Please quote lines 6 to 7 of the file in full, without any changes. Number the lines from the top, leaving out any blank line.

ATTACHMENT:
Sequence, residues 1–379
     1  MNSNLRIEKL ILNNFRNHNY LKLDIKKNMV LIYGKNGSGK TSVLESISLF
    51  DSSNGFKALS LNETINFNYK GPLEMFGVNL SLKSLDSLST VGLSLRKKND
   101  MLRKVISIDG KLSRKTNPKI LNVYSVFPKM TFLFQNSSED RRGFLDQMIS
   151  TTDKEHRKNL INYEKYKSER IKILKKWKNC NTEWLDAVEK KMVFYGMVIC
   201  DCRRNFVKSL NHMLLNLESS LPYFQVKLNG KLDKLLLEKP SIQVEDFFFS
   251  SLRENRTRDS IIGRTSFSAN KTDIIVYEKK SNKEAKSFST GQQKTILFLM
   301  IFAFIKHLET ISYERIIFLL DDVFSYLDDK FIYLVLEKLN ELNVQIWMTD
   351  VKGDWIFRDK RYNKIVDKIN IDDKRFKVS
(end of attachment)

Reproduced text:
   201  DCRRNFVKSL NHMLLNLESS LPYFQVKLNG KLDKLLLEKP SIQVEDFFFS
   251  SLRENRTRDS IIGRTSFSAN KTDIIVYEKK SNKEAKSFST GQQKTILFLM